American Academy of Orthopeadic Surgeons “orthopedic information you can trust”

Orthopedic surgeons use a variety of methods to treat knee injuries in athletes. A common method used to treat mild knee injuries is R.I.C.E., which stands for "rest, ice, compression, and elevation."

If your treatment is to be successful, you must follow your doctor's instructions carefully. The following information provides general guidelines only, and is not a substitute for your doctor's advice.

Swelling due to your injury may cause pressure in your splint or cast for the first 48 to 72 hours.
This may cause your injured leg to feel snug or tight in the splint or cast.

FeaturesAfter application of a splint or cast, it is very important to elevate your injured leg for 24 to 72 hours. The injured area should be elevated well above the heart. Rest and elevation greatly reduce pain and speed the healing process by minimizing early swelling.

Failure to follow these instructions may cause:


FeaturesThe concept of the COLEJOINT, is a mobility aid accessory for individuals with temporary or permanent conditions that would provide a greater degree of flexibility and convenience. The COLEJOINT would be utilized with a conventional crutch. Produced of tubular aluminum, the COLEJOINT would be secure to the crutch to form a single, adjustable device that would allow the user to rest an injured limb in an elevated position.

The COLEJOINT would measure 15 to 24 inches in height in its adjustable state. The unit would measure approximately 2-1/2 feet in width. Positioned at each "foot" of the triangular attachment would be a rubber cap similar to those used on the end of the crutch. The device would readily attach to the base of a conventional crutch by securing the unit to the lower crutch leg with a butterfly nut and screw. The COLEJOINT would be lightweight, weighing less than 1-1/2 pounds.

To use, the individual would secure the COLEJOINT to the crutch as needed. With the base applied, the crutch would extend in a horizontal position. With the arm rest of the crutch supported by a chair, bench, or similar device, the extended crutch would provide a full and complete support for the patient's leg. The leg could be supported to the front or side of the patient, depending upon comfort and surroundings.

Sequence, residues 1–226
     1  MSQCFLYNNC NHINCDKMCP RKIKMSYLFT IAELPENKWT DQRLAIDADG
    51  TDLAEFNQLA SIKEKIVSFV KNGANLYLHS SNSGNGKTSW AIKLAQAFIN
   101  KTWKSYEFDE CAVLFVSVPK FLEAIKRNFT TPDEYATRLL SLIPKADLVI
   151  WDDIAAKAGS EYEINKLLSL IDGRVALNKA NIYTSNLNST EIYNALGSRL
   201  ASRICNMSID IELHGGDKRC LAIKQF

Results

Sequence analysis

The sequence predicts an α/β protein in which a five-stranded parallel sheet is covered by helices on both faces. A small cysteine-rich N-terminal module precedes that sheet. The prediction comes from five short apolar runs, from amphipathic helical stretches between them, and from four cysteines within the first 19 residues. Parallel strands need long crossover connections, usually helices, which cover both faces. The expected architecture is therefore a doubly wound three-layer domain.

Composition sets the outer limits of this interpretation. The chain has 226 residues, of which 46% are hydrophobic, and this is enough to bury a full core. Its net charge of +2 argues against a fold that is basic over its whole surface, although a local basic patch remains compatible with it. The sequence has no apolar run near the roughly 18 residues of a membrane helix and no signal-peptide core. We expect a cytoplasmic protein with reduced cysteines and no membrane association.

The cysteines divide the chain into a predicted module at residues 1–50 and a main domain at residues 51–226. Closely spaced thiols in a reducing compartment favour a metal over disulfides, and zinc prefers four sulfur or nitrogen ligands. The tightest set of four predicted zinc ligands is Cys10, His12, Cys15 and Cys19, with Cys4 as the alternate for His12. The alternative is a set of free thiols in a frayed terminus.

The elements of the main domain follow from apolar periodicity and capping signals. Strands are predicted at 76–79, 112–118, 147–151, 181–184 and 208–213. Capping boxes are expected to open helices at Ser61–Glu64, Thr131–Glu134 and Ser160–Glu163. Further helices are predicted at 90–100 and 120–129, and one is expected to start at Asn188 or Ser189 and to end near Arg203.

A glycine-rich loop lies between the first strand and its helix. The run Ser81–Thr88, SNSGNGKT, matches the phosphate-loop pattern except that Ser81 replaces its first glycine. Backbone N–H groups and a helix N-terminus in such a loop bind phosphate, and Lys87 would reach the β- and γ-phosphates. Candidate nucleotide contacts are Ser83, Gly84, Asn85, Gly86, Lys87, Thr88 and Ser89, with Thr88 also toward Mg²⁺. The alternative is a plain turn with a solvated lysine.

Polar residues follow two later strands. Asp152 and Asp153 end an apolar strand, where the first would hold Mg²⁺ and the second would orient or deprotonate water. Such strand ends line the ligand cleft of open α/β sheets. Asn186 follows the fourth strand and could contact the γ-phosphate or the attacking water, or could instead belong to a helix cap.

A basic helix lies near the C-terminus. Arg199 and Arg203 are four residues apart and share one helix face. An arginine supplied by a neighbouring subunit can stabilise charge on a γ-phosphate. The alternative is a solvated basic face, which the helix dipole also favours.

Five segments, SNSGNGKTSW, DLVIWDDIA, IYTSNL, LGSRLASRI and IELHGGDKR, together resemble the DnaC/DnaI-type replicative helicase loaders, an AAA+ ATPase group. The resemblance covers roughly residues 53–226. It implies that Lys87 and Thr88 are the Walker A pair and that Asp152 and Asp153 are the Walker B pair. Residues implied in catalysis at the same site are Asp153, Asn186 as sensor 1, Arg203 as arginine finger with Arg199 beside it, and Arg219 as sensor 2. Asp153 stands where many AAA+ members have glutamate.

When in use, the crutch and support base would appropriately rest and elevate the injured limb, thereby minimizing pressure, reducing swelling and accelerating healing.

Function and Appealing Features

COLEJOINT is being suggested by MedCrutch because they believe it would fulfill the need for a mobility aid attachment that would provide the user with greater comfort and convenience while accelerating the healing process.

The appealing features of COLEJOINT would be the effectiveness, ease of use, provided comfort and convenience, practical nature, and the healthful benefit such a product could offer.

For any individual who must spend time on crutches, the COLEJOINT could increase comfort, convenience, and healing. The recommended treatment for most any injured extremity is rest and elevation. However, this is not readily accomplished with a heavy cast or brace placed on the leg or foot. The COLEJOINT would provide these individuals with the necessary tools to follow the recommended regimen.

The COLEJOINT would be quick and easy to secure to any crutch. Placement could be made as needed, thereby permitting the conventional crutch to function in a normal fashion as needed. During rest, the COLEJOINT would transform the crutch to a supportive platform for elevating the limb. The unit would be lightweight, making transport easy for all.

The COLEJOINT would be readily removed and would require no permanent modifications to the crutch. This is an important consideration when using rented or borrowed equipment. Individuals utilizing such an aid for the recommended time period could enjoy a faster recovery and reduced complications during convalescence.

Further, the COLEJOINT would provide total support to the injured area, thus reducing the likelihood of additional injury through attempts at resting the limb on an unsecured surface.

Historical Development

Cole, a police officer who once broke his leg (tibia bone), wore a splint and then a cast for a total of ten weeks. Cole identified a need or a problem to be solved that prompted him into the invention process. He then conceived the COLEJOINT and created a prototype. A prototype, by reason of its visibility and tangibility, makes it easier for anyone who may become interested in the idea to have a clearer understanding of its concept and purpose.